Tag Archives: Fair Trade

31 July, Fair Trade and Climate Change III

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We cross the Atlantic to Nicaragua to meet our third Fairtrade Farmer.

Teresa Riviera Palaciosa

Teresa Riviera Palaciosa, a coffee farmer in Nicaragua calls on communities around the world to join the fight to tackle the climate crisis.

COFFEE farmer Teresa Riviera Palaciosa

“I invite all the producers of the world to organise themselves into co-operatives and to look after the environment; to stop burning the forests, clearing the land and polluting the water and to stop using banned chemical products which are harmful to coffee consumers, animals, and the environment. Chemicals also kill the organisms in the soil and lead to erosion.

“We are responsible for the erosion of our soil – sometimes by thinking that we are improving and will produce more, over time we can end up not producing anything at all.

“So if all the small producers organise themselves in co-operatives, we will really benefit and we will really value the world that God has gifted us.”

These farmers – who have done the least to cause the climate crisis – must not be left alone in facing the consequences.

And you can help – share this message from Ebrottié, Zeddy and Teresa on Facebook, Twitter or by email to spread the word that the changing climate really is an emergency for small farmers all around the world.

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30 July: Fair Trade and Climate Change II.

COFFEE - a young coffee plant in Maray - Peru - banner

The second Fairtrade farmer introduced by the Fairtrade Foundation. 

Zeddy Rotich, a coffee farmer in Kenya

Zeddy explains how Fairtrade has helped her take action on the climate crisis locally.

“Climate change is affecting us because the weather patterns have changed. We fear low coffee production in future because of it. But through Fairtrade we have received training on climate change and we are taking action. However, we still need more, because we need to train other people who are not aware about climate change.

“We also need more tree nursery beds, so that we can plant more trees as a way of tackling climate change.”

There is a need for more tree cover in our own country too, extending rural forests but also in towns where we need their green lungs.

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July 28: Fair Trade and Climate Change

COFFEE - a young coffee plant in Maray - Peru - banner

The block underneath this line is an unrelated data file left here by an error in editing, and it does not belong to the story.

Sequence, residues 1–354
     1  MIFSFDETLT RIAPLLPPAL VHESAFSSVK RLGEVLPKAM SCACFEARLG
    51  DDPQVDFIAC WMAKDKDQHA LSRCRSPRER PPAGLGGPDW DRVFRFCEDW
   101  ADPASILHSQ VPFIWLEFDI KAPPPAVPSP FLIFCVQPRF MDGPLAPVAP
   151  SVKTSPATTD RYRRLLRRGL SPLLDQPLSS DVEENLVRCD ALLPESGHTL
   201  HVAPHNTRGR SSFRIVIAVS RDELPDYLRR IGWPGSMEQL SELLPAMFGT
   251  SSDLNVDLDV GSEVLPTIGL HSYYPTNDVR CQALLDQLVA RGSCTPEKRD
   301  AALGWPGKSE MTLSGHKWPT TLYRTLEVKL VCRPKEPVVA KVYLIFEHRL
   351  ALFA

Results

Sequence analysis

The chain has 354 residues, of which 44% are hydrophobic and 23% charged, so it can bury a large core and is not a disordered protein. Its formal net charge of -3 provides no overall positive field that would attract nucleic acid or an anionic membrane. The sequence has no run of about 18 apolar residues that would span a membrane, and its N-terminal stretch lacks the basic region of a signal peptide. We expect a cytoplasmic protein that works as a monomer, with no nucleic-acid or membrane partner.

Ebrottié, a cocoa farmer in Côte d’Ivoire

link to video

 

The Fairtrade Foundation invited readers of their website to share the next three stories from their farming partners; given in their own words.

“Climate change is a global issue. We, the farmers, have to deal with its consequences every day. For instance, this year we lacked food because of the heat. The production decreased this year too, so this affects the economy. People harvested less and received less money. So we all suffer from the negative consequences of the climate: it impacts the environment and our economy.

“There will be a food shortage because of the heat whereas, before, there were a lot of forests, the rains were regular and the seasons were well divided. It was easier. There were four seasons, now we don’t know anymore when we should plant and when we should stop.

“Climate change has an impact on crops which results in less money and food available. There is also a lack of workforce, because the cocoa farming is not profitable anymore. Young people who used to work with us do not come anymore. The farmer is left with his family, struggling to keep the production because of the negative effects of climate. These are the difficulties we currently face.”

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8 February. The Christian Church Against Slavery: Livingstone and Lavigerie

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For the Feast of Saint Josephine Bakhita, the saint saved from slavery, here is a reflection on slavery by a African bishop.

Livingstone proposed that in order to uproot slavery and slave trade from Africa there was need for “3Cs”: ChristianisationCivilisation (education and good governance) and Commerce (legal and ethical). This vision was taken up by Lavigerie who … in some of his Instructions to the Missionaries sent to Equatorial Africa,  made reference to the writings of Livingstone on slave trade.

In his Anti-Slavery conferences in Paris, London and Brussels, Lavigerie quoted Livingstone on the atrocities and gravity of slave trade in Black Africa. And, while in London, before his conference at Prince’s Hall on 31st July 1888, Lavigerie made a pilgrimage to the tomb of Livingstone in the Abbey of Westminster.


At the head of those who declared this new war was the intrepid, the noble Livingstone. As an old African myself, I wanted to visit the tomb of the great explorer, under the vaults of Westminster. You have buried him in the midst of your greatest men. You were right, for Livingstone, by his courage, by his high intelligence, by the abnegation of his life, is the glory of this century and of your country. But if you are the heirs of his glory, you must be the executors of his last wishes. So, it is with an emotion that brought tears to my eyes that I read the final words he wrote and that England has had officially engraved on his tomb, by order of the Government: “I cannot do anything more,” he wrote in the neglected environment where he was going to die, “than to wish that the most abundant heavenly blessings descend on those, whoever they may be, English, American or Turks, who contribute to making the frightful plague of slavery disappear from the world.

In both Lavigerie and Livingstone, we have two men who loved Africa and the Africans and who, each in his own way, tried his best to fight against the African Slave Trade. Lavigerie’s constant reference to Livingstone inspires us to ecumenical collaboration in the struggle against modern day slavery especially in Africa. The “3Cs” of Livingstone embraced by Lavigerie are still very valid instrument to fight against today’s slaveries.